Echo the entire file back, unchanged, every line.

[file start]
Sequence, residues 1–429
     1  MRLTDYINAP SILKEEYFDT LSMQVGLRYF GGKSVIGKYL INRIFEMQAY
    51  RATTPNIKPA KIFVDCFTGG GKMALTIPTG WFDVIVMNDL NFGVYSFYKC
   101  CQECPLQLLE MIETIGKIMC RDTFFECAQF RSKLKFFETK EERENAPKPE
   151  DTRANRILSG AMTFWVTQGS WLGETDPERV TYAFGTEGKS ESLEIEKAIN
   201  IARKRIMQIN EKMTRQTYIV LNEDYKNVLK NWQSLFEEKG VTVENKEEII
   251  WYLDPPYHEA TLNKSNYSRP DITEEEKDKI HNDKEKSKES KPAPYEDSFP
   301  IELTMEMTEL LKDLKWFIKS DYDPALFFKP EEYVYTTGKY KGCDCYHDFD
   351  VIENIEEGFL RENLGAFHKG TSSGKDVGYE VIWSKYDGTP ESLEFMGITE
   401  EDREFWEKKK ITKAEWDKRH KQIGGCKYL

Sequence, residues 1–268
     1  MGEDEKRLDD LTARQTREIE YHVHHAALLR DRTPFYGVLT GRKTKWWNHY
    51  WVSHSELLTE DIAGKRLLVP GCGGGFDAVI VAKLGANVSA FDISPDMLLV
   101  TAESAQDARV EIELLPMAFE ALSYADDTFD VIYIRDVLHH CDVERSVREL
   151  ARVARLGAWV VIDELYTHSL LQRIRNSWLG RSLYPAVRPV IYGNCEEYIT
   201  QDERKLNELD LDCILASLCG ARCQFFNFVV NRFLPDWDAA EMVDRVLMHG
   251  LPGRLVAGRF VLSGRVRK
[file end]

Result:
Sequence, residues 1–429
     1  MRLTDYINAP SILKEEYFDT LSMQVGLRYF GGKSVIGKYL INRIFEMQAY
    51  RATTPNIKPA KIFVDCFTGG GKMALTIPTG WFDVIVMNDL NFGVYSFYKC
   101  CQECPLQLLE MIETIGKIMC RDTFFECAQF RSKLKFFETK EERENAPKPE
   151  DTRANRILSG AMTFWVTQGS WLGETDPERV TYAFGTEGKS ESLEIEKAIN
   201  IARKRIMQIN EKMTRQTYIV LNEDYKNVLK NWQSLFEEKG VTVENKEEII
   251  WYLDPPYHEA TLNKSNYSRP DITEEEKDKI HNDKEKSKES KPAPYEDSFP
   301  IELTMEMTEL LKDLKWFIKS DYDPALFFKP EEYVYTTGKY KGCDCYHDFD
   351  VIENIEEGFL RENLGAFHKG TSSGKDVGYE VIWSKYDGTP ESLEFMGITE
   401  EDREFWEKKK ITKAEWDKRH KQIGGCKYL

Sequence, residues 1–268
     1  MGEDEKRLDD LTARQTREIE YHVHHAALLR DRTPFYGVLT GRKTKWWNHY
    51  WVSHSELLTE DIAGKRLLVP GCGGGFDAVI VAKLGANVSA FDISPDMLLV
   101  TAESAQDARV EIELLPMAFE ALSYADDTFD VIYIRDVLHH CDVERSVREL
   151  ARVARLGAWV VIDELYTHSL LQRIRNSWLG RSLYPAVRPV IYGNCEEYIT
   201  QDERKLNELD LDCILASLCG ARCQFFNFVV NRFLPDWDAA EMVDRVLMHG
   251  LPGRLVAGRF VLSGRVRK